Spruce needle vodka is the perfect Christmas gift for the person who has everything. It’s essentially vodka infused with a sprig from your Christmas tree. O tanenbaum!
This spruce needle vodka is essentially just vodka infused with Christmas tree. The piney potable draws rave reviews from folks who’ve tried it and will make you want to hum along to “O Tannenbaum” as you knock some back. Simply pour the piney potable into a chilled martini glass and float a fresh, tender tip of your Christmas tree branch atop or bottle it up and gift it to the person who has everything. Originally published December 17, 2010.–Connie Green and Sarah Scott
What's The Difference Between Spruce, Fir, And Pine?
While we’re on the topic of tannenbaums, the type of tree you pluck a sprig from will make a profound difference in the final spirit. So as not to go overboard with a resinous smack, stick with spruce or Douglas fir, preferably one from a local tree, rather than pine. And ask whether the tree was sprayed–you want one that wasn’t. Oh, and just to state the obvious, opt for a vodka you wouldn’t mind sipping straight up. Actually, come to think of it, gin would be just as nice.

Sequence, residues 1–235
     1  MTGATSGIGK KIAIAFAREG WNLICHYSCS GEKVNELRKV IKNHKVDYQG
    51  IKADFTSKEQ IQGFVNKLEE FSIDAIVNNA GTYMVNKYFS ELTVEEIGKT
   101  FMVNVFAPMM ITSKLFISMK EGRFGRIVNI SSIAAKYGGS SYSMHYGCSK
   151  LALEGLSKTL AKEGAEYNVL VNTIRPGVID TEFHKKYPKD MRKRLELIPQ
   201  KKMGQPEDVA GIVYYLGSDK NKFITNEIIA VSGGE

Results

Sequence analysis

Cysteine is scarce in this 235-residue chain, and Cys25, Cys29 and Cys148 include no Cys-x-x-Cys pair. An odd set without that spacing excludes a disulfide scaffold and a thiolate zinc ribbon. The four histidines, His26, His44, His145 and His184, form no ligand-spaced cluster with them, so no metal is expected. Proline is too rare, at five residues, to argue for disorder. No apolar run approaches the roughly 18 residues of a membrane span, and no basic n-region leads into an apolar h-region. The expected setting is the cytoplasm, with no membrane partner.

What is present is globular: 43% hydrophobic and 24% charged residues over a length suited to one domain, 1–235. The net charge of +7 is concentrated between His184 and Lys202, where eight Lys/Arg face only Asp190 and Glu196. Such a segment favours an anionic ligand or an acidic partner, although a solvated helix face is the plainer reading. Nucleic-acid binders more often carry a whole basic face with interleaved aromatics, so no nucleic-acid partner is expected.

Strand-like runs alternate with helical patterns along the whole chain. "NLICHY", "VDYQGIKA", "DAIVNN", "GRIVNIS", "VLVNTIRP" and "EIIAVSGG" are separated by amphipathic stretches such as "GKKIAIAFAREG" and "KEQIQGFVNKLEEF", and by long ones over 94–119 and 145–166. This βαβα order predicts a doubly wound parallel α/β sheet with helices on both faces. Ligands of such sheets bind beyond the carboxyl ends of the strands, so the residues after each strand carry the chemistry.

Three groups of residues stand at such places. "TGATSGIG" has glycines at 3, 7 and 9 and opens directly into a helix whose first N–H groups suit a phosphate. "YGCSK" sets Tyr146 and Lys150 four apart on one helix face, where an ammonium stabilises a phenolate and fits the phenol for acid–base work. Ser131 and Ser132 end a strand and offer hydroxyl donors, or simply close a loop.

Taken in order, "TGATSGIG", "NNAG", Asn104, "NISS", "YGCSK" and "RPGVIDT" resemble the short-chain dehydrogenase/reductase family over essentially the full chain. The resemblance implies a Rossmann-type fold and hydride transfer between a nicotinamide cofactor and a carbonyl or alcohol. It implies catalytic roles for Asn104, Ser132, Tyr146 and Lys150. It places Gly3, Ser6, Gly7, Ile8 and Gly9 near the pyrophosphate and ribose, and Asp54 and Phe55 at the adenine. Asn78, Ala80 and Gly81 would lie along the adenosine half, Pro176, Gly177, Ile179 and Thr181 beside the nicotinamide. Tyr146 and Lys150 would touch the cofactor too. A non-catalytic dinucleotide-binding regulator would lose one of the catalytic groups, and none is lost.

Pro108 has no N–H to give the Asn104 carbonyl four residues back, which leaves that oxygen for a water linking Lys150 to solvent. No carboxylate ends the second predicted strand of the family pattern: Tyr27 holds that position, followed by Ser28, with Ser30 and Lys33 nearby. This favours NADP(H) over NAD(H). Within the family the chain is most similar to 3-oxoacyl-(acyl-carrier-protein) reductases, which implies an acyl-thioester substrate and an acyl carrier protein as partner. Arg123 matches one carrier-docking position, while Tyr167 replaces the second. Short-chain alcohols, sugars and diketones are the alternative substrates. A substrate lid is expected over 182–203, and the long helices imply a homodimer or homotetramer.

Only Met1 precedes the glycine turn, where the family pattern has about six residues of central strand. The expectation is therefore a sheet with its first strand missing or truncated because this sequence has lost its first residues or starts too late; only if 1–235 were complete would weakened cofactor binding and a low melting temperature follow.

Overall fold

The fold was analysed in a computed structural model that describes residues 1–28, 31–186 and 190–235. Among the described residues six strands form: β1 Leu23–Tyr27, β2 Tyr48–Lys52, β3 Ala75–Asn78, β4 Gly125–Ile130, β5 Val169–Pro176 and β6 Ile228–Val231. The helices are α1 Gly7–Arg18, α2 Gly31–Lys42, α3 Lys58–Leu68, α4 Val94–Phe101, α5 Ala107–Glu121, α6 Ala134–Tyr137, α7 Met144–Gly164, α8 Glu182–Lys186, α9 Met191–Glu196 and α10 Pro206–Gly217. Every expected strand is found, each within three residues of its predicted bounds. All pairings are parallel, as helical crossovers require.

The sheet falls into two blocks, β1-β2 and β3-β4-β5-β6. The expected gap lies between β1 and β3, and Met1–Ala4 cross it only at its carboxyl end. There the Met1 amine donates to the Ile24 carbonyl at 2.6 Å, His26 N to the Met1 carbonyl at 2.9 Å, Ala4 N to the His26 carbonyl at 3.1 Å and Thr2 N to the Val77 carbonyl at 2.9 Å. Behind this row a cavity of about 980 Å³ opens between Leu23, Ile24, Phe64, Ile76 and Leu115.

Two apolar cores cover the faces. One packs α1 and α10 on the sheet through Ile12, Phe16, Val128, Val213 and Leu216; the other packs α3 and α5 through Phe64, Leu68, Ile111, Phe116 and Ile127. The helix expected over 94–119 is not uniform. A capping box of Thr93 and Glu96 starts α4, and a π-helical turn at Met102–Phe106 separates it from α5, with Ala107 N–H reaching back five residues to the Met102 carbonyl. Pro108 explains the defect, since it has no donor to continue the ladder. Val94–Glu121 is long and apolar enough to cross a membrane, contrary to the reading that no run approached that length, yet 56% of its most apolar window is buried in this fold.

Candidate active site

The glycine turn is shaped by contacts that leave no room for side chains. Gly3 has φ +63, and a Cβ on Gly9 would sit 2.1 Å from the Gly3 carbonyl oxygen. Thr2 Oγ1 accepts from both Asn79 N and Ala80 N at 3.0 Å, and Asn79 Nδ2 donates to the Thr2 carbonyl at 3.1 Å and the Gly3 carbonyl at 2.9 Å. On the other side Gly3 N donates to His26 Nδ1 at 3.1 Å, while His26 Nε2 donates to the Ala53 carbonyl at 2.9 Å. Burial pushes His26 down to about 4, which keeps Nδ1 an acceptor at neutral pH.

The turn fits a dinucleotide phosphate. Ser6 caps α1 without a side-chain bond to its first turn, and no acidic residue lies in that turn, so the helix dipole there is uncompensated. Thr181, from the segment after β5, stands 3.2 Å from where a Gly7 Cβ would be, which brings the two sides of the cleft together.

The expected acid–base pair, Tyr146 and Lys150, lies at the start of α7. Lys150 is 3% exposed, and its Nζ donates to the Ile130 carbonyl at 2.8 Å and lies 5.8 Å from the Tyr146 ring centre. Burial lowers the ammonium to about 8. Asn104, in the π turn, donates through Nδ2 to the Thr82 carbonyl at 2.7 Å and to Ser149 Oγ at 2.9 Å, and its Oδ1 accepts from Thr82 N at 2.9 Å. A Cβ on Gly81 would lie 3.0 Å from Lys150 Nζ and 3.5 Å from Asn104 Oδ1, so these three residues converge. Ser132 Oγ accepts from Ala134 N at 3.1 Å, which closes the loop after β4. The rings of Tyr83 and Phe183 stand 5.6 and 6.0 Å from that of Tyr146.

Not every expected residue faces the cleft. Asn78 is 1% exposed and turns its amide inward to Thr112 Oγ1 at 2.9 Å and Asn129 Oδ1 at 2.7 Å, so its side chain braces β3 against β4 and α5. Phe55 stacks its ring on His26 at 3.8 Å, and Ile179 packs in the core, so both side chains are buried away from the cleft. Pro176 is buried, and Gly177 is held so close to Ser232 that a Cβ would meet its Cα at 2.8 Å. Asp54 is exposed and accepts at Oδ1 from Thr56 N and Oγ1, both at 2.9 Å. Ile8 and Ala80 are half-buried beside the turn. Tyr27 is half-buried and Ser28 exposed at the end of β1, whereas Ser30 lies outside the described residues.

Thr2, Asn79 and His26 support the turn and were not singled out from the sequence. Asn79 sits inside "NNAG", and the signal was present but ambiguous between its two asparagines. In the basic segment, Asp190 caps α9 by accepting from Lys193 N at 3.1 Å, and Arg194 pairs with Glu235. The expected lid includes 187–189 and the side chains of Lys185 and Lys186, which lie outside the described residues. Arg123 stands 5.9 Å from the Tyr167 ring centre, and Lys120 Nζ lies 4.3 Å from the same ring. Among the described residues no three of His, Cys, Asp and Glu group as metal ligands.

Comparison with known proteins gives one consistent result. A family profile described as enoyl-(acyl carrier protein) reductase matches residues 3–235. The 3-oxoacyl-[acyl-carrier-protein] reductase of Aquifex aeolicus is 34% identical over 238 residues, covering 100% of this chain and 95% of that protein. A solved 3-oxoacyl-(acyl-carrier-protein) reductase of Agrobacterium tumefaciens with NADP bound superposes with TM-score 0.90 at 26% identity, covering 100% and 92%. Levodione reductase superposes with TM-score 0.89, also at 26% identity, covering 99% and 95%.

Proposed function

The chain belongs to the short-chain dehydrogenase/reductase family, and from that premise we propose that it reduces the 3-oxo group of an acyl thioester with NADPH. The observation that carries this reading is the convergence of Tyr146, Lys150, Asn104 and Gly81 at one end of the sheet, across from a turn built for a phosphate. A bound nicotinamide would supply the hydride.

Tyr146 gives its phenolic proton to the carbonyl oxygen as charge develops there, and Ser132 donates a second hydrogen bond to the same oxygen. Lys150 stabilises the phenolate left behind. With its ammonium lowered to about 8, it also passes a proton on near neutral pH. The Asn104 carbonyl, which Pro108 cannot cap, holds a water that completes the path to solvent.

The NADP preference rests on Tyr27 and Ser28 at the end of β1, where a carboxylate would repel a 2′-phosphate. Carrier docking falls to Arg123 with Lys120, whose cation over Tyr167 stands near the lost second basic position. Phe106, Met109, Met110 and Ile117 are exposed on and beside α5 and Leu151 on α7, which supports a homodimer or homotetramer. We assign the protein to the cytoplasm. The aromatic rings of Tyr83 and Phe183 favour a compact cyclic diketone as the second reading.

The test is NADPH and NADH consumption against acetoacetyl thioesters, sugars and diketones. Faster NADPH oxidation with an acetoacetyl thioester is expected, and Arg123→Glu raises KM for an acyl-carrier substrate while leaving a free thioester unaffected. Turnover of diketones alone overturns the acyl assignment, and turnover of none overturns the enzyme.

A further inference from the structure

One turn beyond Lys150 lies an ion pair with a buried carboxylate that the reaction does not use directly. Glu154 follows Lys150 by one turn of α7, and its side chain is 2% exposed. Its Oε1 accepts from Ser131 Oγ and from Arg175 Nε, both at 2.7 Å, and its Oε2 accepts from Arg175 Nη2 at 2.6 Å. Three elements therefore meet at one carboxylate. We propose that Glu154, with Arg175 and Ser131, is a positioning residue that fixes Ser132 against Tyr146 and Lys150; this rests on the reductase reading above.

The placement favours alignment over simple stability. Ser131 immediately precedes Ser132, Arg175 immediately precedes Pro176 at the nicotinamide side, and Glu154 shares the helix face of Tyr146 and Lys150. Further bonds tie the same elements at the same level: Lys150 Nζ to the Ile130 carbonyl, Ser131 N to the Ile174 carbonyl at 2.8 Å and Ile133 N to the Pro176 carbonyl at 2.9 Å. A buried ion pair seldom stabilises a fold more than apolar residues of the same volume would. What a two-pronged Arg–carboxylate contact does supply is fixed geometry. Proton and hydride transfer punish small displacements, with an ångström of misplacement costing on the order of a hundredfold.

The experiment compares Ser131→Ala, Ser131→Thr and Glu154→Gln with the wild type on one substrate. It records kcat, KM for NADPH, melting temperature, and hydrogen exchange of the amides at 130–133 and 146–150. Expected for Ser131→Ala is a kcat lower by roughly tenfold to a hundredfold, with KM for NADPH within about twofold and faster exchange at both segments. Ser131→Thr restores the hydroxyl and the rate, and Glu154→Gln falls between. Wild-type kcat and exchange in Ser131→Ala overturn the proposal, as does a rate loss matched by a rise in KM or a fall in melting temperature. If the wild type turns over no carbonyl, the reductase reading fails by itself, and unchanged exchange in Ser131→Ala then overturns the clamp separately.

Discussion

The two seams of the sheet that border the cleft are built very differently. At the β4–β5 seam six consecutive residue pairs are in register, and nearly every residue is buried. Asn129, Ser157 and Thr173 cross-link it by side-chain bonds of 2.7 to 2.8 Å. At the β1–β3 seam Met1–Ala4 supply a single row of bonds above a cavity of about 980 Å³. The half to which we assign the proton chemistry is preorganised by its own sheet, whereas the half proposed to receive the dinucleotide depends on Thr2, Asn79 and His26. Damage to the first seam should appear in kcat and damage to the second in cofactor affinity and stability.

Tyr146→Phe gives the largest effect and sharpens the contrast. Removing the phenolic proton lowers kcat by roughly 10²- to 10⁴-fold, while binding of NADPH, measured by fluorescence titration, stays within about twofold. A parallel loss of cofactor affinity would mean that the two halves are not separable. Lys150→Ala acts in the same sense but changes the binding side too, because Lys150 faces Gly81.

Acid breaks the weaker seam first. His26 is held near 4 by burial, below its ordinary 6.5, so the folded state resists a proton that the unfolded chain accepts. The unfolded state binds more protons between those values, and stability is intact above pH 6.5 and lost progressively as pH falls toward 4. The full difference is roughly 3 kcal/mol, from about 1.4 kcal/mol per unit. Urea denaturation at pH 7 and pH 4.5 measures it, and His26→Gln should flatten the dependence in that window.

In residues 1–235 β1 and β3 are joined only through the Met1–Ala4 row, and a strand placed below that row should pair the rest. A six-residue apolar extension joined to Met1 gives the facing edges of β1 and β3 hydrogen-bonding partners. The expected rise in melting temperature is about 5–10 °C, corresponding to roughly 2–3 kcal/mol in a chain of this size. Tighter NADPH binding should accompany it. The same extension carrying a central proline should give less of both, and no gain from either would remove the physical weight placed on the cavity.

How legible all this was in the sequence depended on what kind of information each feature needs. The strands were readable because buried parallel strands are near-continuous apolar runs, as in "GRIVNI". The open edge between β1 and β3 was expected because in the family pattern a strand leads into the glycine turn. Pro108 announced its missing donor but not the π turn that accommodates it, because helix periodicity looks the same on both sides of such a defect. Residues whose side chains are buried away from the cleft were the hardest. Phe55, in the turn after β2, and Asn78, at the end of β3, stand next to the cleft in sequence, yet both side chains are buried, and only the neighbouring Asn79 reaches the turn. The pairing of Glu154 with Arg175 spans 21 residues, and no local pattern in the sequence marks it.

Spruce Needle Vodka
- Quick Glance
- 5 M
- 5 M
- Makes one 750-milliliter bottle
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Recipe Testers Reviews
This spruce needle vodka is wonderful—like the best of both vodka and gin! It’s easy and fun. I’m gifting bottles of this for Christmas!
Aside from the fact that this vodka is the easiest thing to make (it only took 10 minutes), the taste and smell are wonderful. I love vodka, and this spruce needle vodka was a huge hit at our house. I’ll make sure to always have this on hand.
We love infused spirits, so this spruce needle vodka recipe really intrigued me. I thought it would wind up either amazing or a total bust. Happily, it was really, really great. Aside from the fact that you may not be able to get fir needles yearround, it’s a super easy recipe. A week of steeping in the freezer with bits of our Christmas tree and the vodka was sharp, bracing, and redolent of the great outdoors. It made a mean martini, and even mixed well with tonic and lime juice. I didn’t make a full batch because I was a little nervous about the outcome, but everyone who tried it was clamoring for more. I may make a few bottles before our tree is gone and keep them in the freezer to have all winter.